Nurofen for Children contains ibuprofen, to provide fast and effective relief of pain and fever reduction in infants and children.
There are three products in the range:
- Oral liquid for babies and young children aged 3 months to 5 years
- A more concentrated oral liquid for older children ages 5 to 12 years
- Soft Chews for children 7 years and older
All oral liquid products in the range come with an easy dosing syringe, making it easier for you to give your child the correct dose.
- Check with your doctor or pharmacist first, if your child is under 12 months of age
- Always read the label
- Ensure you use the product and dose suitable for your child’s age
Nurofen for Children 3 months - 5 years range: suitable for fever reduction and relieving common aches and pains for your little one, such as teething and earaches. It is sugar and colour free, and available in strawberry and orange flavours.
Nurofen for Children 5-12 years range: a more concentrated formula which allows for a smaller dosing volume, as older children may require a larger dose of ibuprofen. It provides fast and effective relief from fever, headaches, sprains and strains, and cold and flu symptoms. It is also sugar and colour free, and available in strawberry and orange flavours.
Nurofen for Children Soft Chewable Capsules: an easy to chew format for children 7 years and older. It is a great pain and fever relief option for children who no longer want to take a liquid, but still find tablets difficult to swallow.
The recommended dose of Nurofen for Children varies depending on the weight of your child. Start by selecting the most appropriate product for your child, then check the dosing guide on the back of the pack to determine the right dose for your child’s age and weight.
Since the correct dosage amount is determined by weight, both ranges of Nurofen for Children oral liquids can be used for children from 3 months to 12 years old, provided dosage guidelines are followed. Accordingly, both ranges have dosage instructions for children from 3 months to 12 years old.
Doses should be given every 6–8 hours, as needed, with a maximum of 3 doses in 24 hours.
The recommended dose is determined by the age of your child as follows.
7 years - 10 years: Two capsules (max 8 in 24 hours)
10 years - 12 years: Three capsules (max 12 in 24 hours)
Doses should be given every 6-8 hours (or with a minimum of 6 hours in between each dose if required). It is important not to exceed the stated dose and make sure that the product is thoroughly chewed before swallowing. Though Nurofen Soft Chews can be taken without water, your child should still take plenty of fluids to help manage their pain or fever.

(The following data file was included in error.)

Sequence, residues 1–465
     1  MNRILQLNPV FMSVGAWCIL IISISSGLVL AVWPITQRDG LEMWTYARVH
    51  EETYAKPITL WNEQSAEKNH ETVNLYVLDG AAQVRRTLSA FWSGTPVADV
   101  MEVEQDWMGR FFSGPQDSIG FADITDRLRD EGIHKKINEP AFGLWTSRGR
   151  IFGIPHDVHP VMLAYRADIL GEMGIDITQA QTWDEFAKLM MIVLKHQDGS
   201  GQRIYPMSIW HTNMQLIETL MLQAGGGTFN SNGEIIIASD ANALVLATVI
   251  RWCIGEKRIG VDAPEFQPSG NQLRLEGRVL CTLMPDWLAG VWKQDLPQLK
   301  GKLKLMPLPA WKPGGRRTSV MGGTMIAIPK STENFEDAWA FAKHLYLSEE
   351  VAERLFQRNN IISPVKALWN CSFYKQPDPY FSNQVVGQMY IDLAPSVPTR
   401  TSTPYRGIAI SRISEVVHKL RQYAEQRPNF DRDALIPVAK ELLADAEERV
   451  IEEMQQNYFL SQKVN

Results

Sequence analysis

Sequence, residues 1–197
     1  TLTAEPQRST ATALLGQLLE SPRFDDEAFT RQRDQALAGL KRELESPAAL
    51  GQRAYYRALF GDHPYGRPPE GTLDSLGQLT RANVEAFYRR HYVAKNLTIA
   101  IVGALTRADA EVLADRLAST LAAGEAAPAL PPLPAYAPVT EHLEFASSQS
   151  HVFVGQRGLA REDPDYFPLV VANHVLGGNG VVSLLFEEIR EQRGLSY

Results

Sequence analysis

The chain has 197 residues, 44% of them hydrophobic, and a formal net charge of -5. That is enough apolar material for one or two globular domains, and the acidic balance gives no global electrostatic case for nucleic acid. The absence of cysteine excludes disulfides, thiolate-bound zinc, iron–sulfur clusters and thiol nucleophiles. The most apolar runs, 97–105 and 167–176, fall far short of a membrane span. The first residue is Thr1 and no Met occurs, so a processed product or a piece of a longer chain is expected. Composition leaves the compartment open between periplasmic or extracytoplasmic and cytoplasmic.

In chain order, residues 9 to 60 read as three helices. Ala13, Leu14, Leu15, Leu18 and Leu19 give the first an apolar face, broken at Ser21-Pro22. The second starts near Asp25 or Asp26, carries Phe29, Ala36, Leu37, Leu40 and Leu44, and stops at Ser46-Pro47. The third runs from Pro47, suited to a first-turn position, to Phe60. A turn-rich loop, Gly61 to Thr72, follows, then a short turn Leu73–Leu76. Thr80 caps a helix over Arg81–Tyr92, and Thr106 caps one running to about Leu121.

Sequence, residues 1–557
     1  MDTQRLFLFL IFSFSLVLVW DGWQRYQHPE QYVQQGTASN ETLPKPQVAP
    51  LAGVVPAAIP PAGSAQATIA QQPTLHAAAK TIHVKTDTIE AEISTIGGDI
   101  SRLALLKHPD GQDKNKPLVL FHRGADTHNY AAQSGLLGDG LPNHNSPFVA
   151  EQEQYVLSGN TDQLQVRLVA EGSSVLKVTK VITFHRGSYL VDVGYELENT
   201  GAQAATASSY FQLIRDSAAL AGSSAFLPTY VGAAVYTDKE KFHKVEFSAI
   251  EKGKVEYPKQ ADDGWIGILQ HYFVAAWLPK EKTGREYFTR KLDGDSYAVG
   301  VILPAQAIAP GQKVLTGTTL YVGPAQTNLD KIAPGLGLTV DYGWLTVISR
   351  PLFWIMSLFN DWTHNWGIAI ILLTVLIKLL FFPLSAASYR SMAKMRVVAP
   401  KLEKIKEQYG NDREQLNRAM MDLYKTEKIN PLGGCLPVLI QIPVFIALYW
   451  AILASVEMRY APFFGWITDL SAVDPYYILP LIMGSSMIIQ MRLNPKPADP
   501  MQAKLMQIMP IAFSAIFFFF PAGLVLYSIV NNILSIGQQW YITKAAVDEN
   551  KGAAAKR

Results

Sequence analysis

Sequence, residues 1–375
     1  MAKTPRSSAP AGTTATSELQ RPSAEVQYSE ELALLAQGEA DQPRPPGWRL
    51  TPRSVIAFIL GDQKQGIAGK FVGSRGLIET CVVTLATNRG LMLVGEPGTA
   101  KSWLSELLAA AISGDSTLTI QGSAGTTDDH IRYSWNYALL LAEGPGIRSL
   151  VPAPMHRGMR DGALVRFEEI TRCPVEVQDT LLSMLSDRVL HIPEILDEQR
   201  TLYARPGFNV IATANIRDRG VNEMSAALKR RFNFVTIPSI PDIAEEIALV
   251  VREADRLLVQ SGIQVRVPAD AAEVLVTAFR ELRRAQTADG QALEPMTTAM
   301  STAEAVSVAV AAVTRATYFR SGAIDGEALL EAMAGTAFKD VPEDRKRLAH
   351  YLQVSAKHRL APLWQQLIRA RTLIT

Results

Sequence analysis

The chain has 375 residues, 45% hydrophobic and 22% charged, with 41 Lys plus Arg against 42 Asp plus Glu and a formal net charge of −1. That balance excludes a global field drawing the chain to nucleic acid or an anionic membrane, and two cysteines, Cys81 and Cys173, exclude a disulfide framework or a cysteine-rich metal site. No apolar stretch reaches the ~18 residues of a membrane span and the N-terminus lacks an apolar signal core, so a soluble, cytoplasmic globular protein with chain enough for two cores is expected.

It’s inevitable that your child will experience some pain now and then – whether it’s from illness, minor accidents, or normal growing up events like teething.
Common causes of pain in babies and children include:
- Coughs and sore throat
- Teething and toothache
- Headaches and migraine
- Strains and sprains
Very young children can’t tell you when they’re in pain. Some signs to look for include:
- Crying, screaming and grimacing
- Changes in sleep and eating patterns
- Becoming quiet and withdrawn
Mild to moderate pain and fever can be relieved using non-prescription medicines such as Nurofen, given at age-appropriate doses.
Nurofen for Children is designed for children and infants. It contains ibuprofen, which starts providing relief from fever in just 15 minutes, and lasts up to 8 hours.
Medicines can help relieve pain for a while, but they don’t fix the underlying cause of pain.
If your child’s pain lasts more than a few hours, or appears to be very severe, or your child is obviously unwell, it’s important to see a doctor. If in doubt, always see your doctor.
Always read the label. Use only as directed. Incorrect use could be harmful. If symptoms persist consult your healthcare professional. Do not give to babies under 3 months of age. Seek medical advice for children under 12 months of age.
All information presented on these web pages is not meant to diagnose or prescribe. In all health related matters please contact your doctor.
 Pelen F et al. Ann Pediatr 1998; 45(10): 719–28, funded by Reckitt Benckiser.
 Autret-Leca et al. Curr Med Res Opin 2007; 23(9): 2205–11, funded by Reckitt Benckiser.